HSF-1 promotes longevity. (A) Blue, survival of wild-type animals grown on control bacteria containing vector alone; green, animals grown on bacteria expressing hsf-1 dsRNA; red, animals carrying additional copies of hsf-1 (CF1824). Two additional HSF-1 overexpressing lines were obtained and were found to extend life-span (table S1). (B) hsf-1 overexpression extends life-span in a daf-16–dependent manner. Adultlife-spans of wild-type and hsf-1–overexpressing (CF1824) animals grown on daf-16 RNAi bacteria (green and blue lines). In addition, hsf-1 overexpression extends the life-span of animals treated with daf-2 RNAi (red and orange lines). (C and D) RNAi of hsf-1 completely prevents the daf-2(e1370) mutation, but not the isp-1(qm150) or eat-2(ad1116) mutations, from extending life-span. Animals were grown on hsf-1 RNAi bacteria from the time of hatching. Adult life-spans of wild-type (N2) (blue), daf-2(e1370) (red), eat-2(ad1116) (orange), and isp-1(qm150) (green) animals grown on (C) control bacteria or (D) hsf-1 RNAi bacteria. All experiments have been repeated more than once with similar effects. For statistical data, see table S1.

The FOXO transcription factor DAF-16, which functions in the C. elegans insulin/IGF-1 signaling pathway (6, 7), also promotes longevity (810). As with hsf-1, inhibiting daf-16 activity shortens life-span, and elevating daf-16 activity increases life-span.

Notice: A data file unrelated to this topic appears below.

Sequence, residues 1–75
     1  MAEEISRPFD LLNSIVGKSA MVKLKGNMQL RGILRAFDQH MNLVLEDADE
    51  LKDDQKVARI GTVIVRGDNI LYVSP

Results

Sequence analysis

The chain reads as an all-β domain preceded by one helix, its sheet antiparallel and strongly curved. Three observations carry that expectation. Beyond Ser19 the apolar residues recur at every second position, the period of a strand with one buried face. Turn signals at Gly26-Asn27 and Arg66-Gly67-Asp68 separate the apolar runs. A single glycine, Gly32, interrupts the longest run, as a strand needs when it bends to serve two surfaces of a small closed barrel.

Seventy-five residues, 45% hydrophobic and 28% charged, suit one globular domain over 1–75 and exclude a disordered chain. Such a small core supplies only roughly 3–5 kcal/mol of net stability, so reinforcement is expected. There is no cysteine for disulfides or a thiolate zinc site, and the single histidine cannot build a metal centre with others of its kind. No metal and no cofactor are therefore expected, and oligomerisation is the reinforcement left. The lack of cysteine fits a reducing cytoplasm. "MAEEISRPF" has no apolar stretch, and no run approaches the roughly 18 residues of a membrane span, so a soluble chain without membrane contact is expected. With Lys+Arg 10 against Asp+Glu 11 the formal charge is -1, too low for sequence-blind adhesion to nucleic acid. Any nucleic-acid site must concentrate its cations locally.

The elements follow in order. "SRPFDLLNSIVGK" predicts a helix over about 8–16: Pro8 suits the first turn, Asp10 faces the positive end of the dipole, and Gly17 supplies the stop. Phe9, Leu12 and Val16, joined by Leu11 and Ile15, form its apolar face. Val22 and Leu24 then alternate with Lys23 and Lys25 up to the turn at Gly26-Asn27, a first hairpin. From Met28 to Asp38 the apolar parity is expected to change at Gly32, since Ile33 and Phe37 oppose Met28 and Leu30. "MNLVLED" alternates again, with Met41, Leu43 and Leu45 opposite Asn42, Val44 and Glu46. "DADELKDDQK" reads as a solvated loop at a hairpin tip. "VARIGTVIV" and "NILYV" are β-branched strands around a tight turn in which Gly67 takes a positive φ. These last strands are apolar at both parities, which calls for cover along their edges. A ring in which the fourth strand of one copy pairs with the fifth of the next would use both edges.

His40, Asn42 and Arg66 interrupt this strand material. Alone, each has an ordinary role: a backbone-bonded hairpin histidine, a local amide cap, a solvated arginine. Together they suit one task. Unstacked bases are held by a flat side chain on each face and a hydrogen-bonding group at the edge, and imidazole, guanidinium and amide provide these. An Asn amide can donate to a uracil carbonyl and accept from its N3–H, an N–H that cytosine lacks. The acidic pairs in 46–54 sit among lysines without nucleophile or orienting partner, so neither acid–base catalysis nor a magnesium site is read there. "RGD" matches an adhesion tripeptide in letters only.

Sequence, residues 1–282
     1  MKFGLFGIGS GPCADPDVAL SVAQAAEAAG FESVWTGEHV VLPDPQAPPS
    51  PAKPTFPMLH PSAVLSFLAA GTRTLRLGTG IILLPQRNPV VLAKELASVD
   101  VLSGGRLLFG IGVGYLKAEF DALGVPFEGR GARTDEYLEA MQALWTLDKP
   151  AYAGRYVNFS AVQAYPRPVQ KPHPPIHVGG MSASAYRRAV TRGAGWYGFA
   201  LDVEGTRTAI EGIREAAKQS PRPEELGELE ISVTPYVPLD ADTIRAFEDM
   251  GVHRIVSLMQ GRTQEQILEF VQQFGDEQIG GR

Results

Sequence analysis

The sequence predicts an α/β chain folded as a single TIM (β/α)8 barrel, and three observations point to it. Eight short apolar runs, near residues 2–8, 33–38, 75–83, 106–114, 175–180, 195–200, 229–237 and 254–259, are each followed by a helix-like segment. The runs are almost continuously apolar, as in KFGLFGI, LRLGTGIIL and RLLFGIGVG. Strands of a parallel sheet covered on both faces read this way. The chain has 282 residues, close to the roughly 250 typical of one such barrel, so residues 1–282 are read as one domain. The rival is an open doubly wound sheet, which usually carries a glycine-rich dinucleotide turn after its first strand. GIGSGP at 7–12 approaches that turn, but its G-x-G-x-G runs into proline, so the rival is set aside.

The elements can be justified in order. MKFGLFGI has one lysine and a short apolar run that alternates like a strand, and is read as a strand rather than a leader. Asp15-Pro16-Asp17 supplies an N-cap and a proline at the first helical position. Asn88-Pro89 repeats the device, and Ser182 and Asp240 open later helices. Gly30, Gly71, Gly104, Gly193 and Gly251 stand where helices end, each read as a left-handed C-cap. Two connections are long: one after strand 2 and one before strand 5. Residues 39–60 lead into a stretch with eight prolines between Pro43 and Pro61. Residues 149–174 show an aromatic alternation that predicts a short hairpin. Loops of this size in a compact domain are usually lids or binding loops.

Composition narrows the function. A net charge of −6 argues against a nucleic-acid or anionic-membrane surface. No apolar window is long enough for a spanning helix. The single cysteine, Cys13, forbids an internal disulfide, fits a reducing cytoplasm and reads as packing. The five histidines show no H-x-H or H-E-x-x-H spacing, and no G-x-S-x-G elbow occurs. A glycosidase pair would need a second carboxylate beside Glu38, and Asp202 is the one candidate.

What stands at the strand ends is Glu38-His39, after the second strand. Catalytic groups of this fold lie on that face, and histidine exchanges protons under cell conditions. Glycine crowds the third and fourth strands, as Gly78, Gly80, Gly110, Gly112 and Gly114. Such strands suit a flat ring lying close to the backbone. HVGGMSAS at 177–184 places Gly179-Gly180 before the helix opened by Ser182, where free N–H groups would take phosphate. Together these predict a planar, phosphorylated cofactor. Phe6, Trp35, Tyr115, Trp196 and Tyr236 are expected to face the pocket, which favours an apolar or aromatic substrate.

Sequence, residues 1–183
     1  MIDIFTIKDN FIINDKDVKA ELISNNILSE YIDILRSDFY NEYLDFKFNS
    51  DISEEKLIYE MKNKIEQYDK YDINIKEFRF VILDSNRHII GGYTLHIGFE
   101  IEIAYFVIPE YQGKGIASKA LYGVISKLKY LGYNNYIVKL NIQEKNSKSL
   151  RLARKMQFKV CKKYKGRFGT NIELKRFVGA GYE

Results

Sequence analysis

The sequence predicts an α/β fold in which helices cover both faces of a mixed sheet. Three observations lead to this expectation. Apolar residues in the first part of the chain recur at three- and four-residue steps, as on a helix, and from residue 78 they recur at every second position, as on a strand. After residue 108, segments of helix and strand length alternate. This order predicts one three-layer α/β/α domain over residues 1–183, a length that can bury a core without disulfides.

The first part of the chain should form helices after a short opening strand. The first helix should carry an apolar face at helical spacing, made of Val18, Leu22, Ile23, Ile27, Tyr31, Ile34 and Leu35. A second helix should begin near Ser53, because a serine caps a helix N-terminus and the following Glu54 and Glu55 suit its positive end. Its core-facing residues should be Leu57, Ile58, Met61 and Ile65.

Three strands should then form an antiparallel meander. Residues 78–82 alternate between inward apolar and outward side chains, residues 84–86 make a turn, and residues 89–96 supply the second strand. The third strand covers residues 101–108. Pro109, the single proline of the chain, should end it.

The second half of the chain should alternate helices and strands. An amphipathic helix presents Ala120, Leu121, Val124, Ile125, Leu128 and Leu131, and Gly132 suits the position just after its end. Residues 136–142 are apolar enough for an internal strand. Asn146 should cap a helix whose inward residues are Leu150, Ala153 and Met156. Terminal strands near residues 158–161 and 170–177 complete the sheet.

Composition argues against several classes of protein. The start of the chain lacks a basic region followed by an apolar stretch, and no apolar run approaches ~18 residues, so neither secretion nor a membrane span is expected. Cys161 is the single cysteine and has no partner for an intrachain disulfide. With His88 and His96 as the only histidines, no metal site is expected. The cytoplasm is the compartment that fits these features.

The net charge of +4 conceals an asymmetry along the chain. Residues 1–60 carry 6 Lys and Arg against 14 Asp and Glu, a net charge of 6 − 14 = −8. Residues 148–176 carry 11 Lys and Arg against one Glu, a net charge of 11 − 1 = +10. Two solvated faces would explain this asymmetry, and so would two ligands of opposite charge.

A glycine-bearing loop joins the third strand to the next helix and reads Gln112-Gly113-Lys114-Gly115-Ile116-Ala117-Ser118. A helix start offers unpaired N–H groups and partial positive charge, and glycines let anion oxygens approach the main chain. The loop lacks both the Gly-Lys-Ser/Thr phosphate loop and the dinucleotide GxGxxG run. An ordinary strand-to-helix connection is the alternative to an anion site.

We found that the longevity phenotypes produced by hsf-1(RNAi) were similar to those produced by daf-16(–) mutations. DAF-16 is required for daf-2–insulin/IGF-1 receptor mutations to increase life-span; in the short-lived daf-16 mutants, daf-2 mutations are unable to increase life-span (6, 7, 11). HSF-1 appeared to be required as well, because neither of two daf-2 mutations we examined, e1370 and mu150, was able to extend the short life-spans of hsf-1 RNAi-treated animals (Fig. 1, C and D; table S1). In contrast, the life-spans of both daf-16(–) mutants (12, 13) and hsf-1 RNAi-treated animals (Fig. 1, C and D) can be extended by eat-2(ad1116) mutations [which inhibit pharyngeal pumping and may cause caloric restriction (12)] and by isp-1(qm150) mutations [which inhibit mitochondrial respiration (13)]. [Control experiments indicated that hsf-1 RNAi sharply decreased hsf-1 mRNA levels in all of these strains (fig. S1C).] Together these similarities suggested the hypothesis that HSF-1, like DAF-16, might function in the insulin/IGF-1 system. We also found that daf-16 was required for hsf-1 overexpression to extend lifespan (Fig. 1B). This, too, suggested that DAF-16 and HSF-1 might act together to promote longevity.